The Army chief of staff said Thursday he's worried that a $6 billion combat communications system that has been under development for the past decade might not work, prompting frustration from senators.

Gen. Mark Milley told the Senate he will likely finish a "rigorous, thorough and painful" review in six weeks of the system, called the Warfighter Information Network-Tactical, to determine whether it can provide secure communications to soldiers in war zones as intended.

"The bottom line is, I have some serious hard questions that have not yet been satisfactorily answered as to whether it's going to work," Milley told the Senate Armed Services Committee.

The results of the review could mean the Army makes additional requests to Congress as lawmakers set their fiscal 2018 budget plans.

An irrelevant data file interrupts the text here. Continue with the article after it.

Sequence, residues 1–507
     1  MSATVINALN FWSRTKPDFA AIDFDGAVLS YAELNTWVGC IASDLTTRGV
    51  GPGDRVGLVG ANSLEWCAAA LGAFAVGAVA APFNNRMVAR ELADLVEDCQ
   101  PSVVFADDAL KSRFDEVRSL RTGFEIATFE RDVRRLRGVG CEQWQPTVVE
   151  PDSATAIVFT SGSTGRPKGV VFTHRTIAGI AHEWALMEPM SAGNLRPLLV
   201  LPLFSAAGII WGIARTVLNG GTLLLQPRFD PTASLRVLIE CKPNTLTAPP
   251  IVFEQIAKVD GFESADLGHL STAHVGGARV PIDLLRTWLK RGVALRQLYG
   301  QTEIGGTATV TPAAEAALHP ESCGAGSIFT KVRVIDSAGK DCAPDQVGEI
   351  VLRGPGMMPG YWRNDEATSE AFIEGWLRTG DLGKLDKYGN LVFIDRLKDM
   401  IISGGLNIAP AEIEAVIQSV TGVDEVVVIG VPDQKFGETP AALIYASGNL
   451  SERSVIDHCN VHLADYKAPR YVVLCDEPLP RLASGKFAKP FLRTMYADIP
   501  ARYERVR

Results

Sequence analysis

WIN-T is being developed to provide integrated wireless and wired communications between commanders and soldiers in the field and has included contracts with General Dynamics and Lockheed Martin.

Milley blamed the military's inefficient information technology acquisition process, saying it is too slow to keep up with changes.

"It's already been in development for 10 years," Milley said. "A lot of this stuff is already out of date."

Word that the long development may be failing after $6 billion in government investment riled Arizona Sen. John McCain, the Republican chairman of the committee, and some other members.

"Some of us feel frustrated," McCain said. "It's hard for us to continue to fight for more money [for the Army] when we see $6 billion wasted on one program."

Sen. Tom Cotton, a Republican Army veteran from Arkansas, said he had seen "credible reports" that WIN-T has ineffective line-of-sight communications, is too fragile to survive in war and has other serious problems.

The system "has an electromagnetic signature so loud that it practically would call for enemy artillery on the top of its users' heads," Cotton said.